P2P - AfterDawn: Glossary of technology terms & acronyms
P2P stands for Peer-to-peer networking, popularized in late 1990s by Napster.
Unlike regular network, where all the clients make requests to one specific central server (like you all do, when you request pages from our domain, you request the pages from one specific server), the P2P network model makes the download requests to other clients. Basically once an user logs into P2P network he/she is immediately a client and a server simultaneously. User can download files from other users and other users can download files from the user.
P2P network model can also be used in various other ways other than distributing just files. One of the best-known P2P networking projects (although it is not pure P2P network, because clients don't communicate with each other -- maybe we should speak of distributed computing instead, but we mention this anyway :-) is called SETI@Home where users use their own home computers to calculate portions of massive data amount received by radiotelescopes from outer space, in order to find extraterrestial life.
Also, we should mention that original Napster network wasn't pure P2P network either, because all download requests were passed through a centralized server maintained by Napster -- this ultimately was one of the aspects which lead to closure of Napster in early third millennium. Shortly after Napster gained its peak popularity, several pure P2P networks emerged, most important of those new-breed P2P networks is/was definately a network called Gnutella.
Another prominent P2P network now is that of BitTorrent. BitTorrent is a peer-to-peer (P2P) protocol and tool originally developed by Bram Cohen. It is currently developed and distributed by Cohen's company BitTorrent, Inc.. The original BitTorrent client is written in Python and released under the BitTorrent Open Source License. BitTorrent has led to the easy distribution of movies and other large files over the Internet.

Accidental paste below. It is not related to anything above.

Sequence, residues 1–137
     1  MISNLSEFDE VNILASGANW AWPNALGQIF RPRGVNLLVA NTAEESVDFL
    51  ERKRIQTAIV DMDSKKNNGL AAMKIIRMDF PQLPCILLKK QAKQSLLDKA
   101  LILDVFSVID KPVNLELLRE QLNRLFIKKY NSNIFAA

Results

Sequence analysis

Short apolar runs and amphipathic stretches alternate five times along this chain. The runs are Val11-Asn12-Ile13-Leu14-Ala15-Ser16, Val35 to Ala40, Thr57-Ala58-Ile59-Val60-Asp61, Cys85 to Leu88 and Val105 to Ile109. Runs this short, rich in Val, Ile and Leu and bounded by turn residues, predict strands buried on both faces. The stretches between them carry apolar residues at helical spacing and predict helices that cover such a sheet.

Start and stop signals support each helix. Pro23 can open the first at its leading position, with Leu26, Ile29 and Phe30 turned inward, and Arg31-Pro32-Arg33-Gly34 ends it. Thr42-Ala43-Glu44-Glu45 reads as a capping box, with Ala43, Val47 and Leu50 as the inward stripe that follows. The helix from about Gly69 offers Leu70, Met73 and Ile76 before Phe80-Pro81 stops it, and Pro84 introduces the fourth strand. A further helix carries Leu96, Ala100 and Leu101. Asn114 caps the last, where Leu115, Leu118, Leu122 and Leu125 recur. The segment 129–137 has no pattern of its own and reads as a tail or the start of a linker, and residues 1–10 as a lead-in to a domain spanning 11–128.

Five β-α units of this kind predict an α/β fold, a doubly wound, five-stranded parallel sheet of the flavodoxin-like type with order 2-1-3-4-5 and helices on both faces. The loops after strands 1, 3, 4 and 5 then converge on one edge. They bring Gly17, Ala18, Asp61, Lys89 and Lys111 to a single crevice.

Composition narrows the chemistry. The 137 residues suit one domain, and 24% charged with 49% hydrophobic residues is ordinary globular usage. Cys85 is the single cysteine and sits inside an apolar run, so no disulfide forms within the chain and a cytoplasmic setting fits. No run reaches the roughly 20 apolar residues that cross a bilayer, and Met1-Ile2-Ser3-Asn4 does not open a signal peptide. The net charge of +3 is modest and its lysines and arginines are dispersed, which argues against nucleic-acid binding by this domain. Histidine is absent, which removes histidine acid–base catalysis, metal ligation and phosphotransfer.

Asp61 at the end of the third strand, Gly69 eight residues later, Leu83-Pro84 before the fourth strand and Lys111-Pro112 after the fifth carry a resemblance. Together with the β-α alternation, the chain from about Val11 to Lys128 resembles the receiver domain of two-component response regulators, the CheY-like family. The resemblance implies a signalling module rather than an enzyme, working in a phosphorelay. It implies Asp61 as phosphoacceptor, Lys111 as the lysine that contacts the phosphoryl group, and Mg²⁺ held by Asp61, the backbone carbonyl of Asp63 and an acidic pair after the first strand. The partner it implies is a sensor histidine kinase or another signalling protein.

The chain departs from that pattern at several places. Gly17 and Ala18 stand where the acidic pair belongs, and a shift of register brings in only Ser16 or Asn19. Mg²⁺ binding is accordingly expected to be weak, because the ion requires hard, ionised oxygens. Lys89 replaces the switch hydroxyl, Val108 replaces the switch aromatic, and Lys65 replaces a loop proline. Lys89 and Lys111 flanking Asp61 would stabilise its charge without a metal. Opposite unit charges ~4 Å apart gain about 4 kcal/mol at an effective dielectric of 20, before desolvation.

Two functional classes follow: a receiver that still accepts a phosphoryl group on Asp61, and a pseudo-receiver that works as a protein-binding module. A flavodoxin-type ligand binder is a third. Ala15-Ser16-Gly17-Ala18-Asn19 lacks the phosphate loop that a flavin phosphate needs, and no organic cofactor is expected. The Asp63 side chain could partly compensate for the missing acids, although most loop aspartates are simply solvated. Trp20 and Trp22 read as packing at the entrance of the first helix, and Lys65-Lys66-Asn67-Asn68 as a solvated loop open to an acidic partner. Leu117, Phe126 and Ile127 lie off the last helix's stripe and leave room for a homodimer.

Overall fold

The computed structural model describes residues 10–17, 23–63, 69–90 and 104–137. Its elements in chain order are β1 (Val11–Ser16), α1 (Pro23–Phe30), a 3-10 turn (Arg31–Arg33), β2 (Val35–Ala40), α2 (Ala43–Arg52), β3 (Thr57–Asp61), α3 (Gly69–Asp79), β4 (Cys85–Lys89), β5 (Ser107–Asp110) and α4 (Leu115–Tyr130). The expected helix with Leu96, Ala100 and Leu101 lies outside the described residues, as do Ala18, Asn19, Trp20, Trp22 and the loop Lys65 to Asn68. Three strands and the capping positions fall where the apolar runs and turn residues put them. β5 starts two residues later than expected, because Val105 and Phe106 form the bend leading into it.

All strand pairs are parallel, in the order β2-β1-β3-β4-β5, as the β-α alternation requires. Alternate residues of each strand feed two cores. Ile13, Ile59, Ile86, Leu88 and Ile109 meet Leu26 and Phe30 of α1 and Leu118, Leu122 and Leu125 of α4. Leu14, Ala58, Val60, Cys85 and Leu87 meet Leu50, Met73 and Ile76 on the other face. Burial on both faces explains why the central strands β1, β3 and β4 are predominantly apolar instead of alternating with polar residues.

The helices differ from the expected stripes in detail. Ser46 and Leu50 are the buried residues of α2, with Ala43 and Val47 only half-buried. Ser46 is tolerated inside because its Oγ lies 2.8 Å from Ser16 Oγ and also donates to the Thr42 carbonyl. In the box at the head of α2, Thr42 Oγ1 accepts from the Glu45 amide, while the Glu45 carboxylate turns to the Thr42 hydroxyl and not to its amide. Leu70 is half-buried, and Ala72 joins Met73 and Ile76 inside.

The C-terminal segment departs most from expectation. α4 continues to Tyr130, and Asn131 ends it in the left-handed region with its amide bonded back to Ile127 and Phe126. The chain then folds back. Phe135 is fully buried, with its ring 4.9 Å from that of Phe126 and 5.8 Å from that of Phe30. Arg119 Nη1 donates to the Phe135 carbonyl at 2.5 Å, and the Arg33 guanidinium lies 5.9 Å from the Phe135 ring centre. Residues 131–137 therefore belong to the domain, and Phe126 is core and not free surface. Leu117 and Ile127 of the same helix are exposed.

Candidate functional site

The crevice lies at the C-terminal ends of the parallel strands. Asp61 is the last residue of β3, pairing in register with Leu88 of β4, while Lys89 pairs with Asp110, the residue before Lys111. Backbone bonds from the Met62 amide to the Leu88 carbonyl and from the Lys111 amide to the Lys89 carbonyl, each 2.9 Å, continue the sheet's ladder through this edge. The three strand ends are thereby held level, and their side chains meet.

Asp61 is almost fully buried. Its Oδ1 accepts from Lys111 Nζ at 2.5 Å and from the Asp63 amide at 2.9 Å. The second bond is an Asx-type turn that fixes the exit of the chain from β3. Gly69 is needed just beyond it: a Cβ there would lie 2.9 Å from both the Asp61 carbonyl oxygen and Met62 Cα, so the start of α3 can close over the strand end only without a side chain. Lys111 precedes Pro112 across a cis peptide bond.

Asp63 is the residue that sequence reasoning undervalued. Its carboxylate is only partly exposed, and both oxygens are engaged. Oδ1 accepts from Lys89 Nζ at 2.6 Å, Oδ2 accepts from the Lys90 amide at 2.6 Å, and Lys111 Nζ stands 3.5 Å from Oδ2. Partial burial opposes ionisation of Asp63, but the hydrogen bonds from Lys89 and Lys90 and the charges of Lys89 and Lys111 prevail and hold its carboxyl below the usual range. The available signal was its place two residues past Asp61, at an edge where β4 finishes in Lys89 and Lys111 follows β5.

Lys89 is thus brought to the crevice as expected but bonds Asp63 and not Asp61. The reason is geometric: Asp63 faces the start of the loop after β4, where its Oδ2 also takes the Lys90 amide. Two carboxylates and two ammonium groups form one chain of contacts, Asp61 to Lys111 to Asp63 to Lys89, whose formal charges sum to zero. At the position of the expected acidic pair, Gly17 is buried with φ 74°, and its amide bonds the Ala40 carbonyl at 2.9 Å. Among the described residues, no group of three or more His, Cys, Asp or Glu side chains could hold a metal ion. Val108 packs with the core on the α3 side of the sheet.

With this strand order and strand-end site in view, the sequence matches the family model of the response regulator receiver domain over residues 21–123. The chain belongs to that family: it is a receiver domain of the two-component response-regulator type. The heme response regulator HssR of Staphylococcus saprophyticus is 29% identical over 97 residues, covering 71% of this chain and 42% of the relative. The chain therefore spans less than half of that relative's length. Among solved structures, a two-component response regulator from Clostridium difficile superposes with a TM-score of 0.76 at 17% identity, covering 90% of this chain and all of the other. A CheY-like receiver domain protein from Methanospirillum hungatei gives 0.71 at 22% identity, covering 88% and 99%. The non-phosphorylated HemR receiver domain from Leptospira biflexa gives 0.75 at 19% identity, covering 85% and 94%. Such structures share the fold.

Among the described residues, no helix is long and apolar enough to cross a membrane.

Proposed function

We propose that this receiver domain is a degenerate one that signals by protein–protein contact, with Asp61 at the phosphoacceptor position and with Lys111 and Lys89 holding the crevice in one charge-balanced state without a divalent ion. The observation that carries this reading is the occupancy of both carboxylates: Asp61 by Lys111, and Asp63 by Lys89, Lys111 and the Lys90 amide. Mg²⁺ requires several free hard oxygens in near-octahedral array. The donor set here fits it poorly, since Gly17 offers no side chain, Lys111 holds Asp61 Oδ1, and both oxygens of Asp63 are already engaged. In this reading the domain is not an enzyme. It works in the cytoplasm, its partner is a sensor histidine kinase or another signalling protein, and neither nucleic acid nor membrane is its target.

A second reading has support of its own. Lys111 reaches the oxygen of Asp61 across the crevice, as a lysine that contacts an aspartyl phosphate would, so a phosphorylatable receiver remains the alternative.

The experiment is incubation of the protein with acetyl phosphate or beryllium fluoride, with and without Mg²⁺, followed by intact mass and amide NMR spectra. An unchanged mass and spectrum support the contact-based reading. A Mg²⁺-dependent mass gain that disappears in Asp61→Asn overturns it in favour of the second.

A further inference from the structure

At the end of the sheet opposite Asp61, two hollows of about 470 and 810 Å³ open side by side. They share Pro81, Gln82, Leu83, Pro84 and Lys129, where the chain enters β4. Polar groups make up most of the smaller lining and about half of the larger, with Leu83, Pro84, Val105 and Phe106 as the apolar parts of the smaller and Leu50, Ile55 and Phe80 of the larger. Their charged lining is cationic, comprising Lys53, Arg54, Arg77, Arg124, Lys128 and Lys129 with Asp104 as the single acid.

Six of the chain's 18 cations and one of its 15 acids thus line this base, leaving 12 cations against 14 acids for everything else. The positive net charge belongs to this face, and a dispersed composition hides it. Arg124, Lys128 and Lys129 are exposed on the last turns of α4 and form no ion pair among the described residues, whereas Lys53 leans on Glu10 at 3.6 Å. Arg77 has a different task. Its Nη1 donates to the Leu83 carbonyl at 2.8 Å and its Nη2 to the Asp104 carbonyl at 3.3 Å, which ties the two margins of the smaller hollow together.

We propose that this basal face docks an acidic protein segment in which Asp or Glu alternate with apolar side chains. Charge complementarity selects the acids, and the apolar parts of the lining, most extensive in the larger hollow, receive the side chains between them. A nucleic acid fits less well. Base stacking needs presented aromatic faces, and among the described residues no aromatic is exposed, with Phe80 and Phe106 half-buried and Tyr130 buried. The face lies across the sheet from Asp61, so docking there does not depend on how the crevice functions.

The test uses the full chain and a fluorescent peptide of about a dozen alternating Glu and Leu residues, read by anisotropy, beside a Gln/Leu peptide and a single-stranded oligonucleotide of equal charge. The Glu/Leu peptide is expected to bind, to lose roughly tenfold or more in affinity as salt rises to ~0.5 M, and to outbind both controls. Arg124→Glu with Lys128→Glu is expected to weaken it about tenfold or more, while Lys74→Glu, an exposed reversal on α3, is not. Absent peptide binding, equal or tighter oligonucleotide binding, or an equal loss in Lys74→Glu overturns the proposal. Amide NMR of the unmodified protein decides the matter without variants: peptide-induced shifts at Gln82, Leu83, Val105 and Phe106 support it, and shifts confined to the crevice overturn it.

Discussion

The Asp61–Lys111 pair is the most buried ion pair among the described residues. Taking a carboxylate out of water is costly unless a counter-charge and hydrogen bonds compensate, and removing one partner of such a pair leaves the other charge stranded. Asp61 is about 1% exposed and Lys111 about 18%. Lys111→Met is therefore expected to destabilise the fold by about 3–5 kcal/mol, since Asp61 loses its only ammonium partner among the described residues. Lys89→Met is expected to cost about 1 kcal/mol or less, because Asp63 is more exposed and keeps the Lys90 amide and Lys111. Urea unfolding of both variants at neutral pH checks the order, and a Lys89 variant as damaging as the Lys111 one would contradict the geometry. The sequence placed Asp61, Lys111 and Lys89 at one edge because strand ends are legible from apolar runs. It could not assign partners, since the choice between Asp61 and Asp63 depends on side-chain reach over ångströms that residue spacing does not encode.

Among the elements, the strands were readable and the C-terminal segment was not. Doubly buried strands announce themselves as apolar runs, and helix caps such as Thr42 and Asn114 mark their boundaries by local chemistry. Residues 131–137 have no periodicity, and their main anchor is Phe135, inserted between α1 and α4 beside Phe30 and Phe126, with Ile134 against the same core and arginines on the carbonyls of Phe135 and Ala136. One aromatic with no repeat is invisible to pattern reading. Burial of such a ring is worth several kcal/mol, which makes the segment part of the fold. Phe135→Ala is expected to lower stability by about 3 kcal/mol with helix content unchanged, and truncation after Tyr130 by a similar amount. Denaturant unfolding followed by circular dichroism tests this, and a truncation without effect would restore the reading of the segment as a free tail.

Transferring a file or files over BitTorrent involves three steps:
- creating a .torrent file
- distributing the .torrent file to other users
- "seeding" the torrent.
Seeding the torrent means acting as a node which has all the parts of the file(s) being transferred. When other BitTorrent clients connect to a seed node it distributes fragments of the files in a random order the downloading nodes ( peers). As fragments of the file start spreading to peer nodes they can start transferring data from each other and finding the fastest connections available. The BitTorrent client verifies the integrity of each fragment transferred, and if a corrupt fragment is detected it is transferred again.
The network of seed and peer nodes is sometimes referred to as a swarm.
BitTorrent discourages people from trying to limit their upload speeds by giving best download performance to those that upload the most.
Once a peer node has downloaded and verified all the fragments specified in the .torrent file it changes its role from a peer to a seed, and starts serving fragments to peers that are still requesting fragments. In order for BitTorrent to work efficiently the client should be left open after the transfer is complete. It is considered good etiquette to upload at least the amount of the size of the file (e.g. if you download a 100MB file you should leave your client open at least as long as your client has uploaded 100MB to other users). With broadband connections this isn't usually a problem. For example Azureus BitTorrent Client lets you adjust the maximum upload speed so that running BitTorrent will not affect the performance of other network traffic.
To download files from BitTorrent P2P network you need to have a BitTorrent -compatible client installed on your computer.
Related Guides and LinksInformation about the .torrent files
G3 Torrent guide
AfterDawn's P2P forum